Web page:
National Geographic : 1993 Jan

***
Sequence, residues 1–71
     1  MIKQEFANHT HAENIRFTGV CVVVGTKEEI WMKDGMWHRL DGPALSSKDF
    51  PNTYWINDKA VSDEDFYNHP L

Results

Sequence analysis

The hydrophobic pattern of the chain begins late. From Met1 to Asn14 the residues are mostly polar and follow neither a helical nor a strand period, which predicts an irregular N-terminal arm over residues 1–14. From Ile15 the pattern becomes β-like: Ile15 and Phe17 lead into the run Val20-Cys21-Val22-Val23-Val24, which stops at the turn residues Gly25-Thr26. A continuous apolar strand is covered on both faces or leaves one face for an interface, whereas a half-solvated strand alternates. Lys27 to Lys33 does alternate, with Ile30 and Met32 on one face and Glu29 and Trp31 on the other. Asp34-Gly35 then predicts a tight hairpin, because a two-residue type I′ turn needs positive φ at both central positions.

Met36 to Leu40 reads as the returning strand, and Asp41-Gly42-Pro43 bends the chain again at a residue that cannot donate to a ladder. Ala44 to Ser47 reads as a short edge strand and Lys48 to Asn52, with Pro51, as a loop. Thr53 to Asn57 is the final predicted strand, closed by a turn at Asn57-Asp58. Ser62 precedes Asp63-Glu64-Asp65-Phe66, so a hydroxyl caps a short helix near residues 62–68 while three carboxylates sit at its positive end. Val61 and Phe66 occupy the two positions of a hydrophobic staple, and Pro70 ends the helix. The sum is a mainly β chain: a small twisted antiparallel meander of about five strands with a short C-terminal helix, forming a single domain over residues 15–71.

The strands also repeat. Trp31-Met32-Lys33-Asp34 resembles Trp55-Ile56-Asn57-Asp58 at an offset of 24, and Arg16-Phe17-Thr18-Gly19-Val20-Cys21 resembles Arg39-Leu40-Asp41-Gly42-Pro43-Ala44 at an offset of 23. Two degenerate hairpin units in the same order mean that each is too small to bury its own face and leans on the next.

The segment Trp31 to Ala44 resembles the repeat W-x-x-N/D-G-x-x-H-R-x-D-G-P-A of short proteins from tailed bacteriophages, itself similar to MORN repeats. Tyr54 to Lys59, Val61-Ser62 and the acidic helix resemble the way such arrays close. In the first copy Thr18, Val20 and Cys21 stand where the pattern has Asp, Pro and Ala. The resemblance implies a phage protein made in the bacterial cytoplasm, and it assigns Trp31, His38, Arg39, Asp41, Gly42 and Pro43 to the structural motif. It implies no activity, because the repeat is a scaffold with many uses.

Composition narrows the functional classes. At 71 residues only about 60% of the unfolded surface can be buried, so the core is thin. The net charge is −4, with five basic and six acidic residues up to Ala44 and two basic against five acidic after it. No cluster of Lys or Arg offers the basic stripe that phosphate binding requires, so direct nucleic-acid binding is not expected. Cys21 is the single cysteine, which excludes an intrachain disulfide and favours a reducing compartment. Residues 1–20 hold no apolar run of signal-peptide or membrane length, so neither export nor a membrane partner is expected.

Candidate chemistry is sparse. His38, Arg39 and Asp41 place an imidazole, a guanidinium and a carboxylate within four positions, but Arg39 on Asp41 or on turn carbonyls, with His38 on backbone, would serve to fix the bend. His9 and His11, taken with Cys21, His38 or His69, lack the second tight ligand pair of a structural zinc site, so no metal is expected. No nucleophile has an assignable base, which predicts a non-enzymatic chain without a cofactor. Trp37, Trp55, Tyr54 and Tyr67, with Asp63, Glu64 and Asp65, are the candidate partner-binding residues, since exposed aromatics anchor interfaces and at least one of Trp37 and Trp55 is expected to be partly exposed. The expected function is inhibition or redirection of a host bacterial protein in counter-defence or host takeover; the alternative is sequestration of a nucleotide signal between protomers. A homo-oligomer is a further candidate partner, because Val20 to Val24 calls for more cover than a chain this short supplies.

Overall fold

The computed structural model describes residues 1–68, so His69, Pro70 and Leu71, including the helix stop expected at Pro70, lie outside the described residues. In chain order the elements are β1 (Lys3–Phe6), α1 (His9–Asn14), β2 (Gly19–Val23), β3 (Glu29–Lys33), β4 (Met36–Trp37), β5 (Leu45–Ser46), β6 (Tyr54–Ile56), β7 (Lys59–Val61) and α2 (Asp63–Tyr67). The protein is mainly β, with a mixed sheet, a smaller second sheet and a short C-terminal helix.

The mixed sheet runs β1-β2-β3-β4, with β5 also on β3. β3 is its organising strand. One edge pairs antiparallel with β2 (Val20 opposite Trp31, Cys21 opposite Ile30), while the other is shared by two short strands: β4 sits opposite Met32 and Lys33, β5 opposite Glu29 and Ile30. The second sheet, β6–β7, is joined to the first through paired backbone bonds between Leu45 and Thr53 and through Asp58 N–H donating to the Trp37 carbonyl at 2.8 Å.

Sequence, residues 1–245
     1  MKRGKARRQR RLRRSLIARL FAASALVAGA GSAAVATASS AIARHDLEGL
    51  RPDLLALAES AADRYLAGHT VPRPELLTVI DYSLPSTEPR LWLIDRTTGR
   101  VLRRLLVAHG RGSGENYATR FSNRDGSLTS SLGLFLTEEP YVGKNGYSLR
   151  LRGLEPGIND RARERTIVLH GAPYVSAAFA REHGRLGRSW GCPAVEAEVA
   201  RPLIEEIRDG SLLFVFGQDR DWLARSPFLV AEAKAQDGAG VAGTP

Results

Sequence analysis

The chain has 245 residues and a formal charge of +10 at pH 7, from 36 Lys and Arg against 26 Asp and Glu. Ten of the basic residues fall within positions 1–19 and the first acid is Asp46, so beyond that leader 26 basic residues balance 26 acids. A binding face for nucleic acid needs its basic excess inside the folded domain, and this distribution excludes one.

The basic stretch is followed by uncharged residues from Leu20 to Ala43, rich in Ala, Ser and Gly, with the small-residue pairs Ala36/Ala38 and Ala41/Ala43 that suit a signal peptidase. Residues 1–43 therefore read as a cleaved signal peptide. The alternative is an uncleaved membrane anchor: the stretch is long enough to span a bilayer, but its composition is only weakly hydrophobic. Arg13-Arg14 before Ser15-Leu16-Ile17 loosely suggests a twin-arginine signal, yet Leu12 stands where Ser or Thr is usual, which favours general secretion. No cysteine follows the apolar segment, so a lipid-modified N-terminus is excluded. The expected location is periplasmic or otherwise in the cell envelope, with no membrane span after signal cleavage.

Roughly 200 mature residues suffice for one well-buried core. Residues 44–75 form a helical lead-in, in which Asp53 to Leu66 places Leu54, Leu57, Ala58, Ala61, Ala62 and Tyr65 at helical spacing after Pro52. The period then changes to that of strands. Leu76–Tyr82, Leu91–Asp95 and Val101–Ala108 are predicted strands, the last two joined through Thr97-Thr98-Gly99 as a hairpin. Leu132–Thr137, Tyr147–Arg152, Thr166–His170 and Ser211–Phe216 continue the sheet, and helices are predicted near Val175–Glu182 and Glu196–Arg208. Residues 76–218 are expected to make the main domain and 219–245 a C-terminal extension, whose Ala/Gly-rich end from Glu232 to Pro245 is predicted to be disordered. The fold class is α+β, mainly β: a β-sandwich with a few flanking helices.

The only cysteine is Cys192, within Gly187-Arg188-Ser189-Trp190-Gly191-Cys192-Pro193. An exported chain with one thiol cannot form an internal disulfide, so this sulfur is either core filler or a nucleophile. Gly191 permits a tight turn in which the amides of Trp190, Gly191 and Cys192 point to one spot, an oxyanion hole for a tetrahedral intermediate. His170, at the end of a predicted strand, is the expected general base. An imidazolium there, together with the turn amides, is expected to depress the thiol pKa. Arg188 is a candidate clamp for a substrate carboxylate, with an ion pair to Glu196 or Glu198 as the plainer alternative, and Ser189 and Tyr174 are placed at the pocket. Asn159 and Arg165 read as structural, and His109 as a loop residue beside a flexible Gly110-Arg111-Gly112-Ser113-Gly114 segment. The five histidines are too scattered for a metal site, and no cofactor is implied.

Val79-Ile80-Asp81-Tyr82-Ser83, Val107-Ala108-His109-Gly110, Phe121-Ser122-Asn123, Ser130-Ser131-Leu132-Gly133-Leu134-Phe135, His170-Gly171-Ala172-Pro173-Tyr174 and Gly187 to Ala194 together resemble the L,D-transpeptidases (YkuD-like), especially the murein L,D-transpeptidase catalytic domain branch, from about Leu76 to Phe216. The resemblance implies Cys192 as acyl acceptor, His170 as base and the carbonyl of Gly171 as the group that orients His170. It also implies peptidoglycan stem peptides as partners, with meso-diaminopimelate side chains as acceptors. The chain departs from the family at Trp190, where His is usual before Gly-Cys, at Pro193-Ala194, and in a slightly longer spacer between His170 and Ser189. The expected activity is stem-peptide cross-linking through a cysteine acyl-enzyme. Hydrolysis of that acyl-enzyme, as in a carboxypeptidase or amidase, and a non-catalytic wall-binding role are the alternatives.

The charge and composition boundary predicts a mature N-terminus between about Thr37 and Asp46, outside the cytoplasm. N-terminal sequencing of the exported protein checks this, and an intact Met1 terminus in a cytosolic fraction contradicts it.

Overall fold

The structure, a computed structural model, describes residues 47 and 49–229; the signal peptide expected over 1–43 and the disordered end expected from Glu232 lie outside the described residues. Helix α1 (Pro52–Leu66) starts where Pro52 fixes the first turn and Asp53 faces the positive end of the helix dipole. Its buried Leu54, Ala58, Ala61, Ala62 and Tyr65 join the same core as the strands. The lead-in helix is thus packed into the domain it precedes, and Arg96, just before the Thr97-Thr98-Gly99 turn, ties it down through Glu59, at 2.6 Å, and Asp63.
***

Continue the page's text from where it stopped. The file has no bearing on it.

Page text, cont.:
according to the two survivors, their raft flipped in less than a minute. The Poles re covered the raft later that year ("The darkest trip of my life," Zbigniew said), but Cholo's body was never found. Still, Duilio, high-spirited and tough, has already kayaked the Colca once, an experi ence he says was marred only by the noto rious Reparaz Canyon, a chain of three diffi cult rapids so blocked by boulders that they're all but unscoutable. Reparaz, he says, ripped him out of his boat and shook him so violently he cannot escape the memory. He must return para sacarse el clavo, as the Peru vian expression has it: "to remove the nail." FROM AREQUIPA we make our final drive into the dry, purple Andes, to about 15,000 feet, cresting the rim of the upper Colca Valley in late afternoon. A black-chested eagle hov ers at eye level, then banks and dives, its immense shadow rippling across the quilt work of farm terraces thousands of feet below. Like many Andean rivers the Colca carves an inhabitable valley in its upper reaches, then dives to sea level. The river changes names five times: It's called Paco Paco at the source; Chilamayo for 7 miles; Colca through the 155 miles of its high valley and breakneck plunge; Majes for 37 miles, in which it broad ens and flattens out; and Camana in its lit toral, which begins 30 miles from the Pacific. It is the Colca gorge, the most precipitous drop-some 3,000 feet over 50 miles-that we will attempt to navigate. If any one mood dominates the Colca, it is one of isolation. The Inca gained control of the valley in the 15th century, but they never really conquered it. Nor did the Spanish, who took over in the 16th century, though they did manage to kill off much of the native population. Life here changed so little down the centuries, in fact, that when American historian Robert Shippee wrote about the area in NATIONAL GEOGRAPHIC in 1934, he described it as "a forgotten valley of Peru." Colca Canyon (right) cleaves the Andes insouthern Peru. Earthquakes, avalanches, and the turbulent river constantly carve new features. The V-shaped river gorge, accessible only by boat, plunges to more than twice the depth of the Grand Canyon (inset).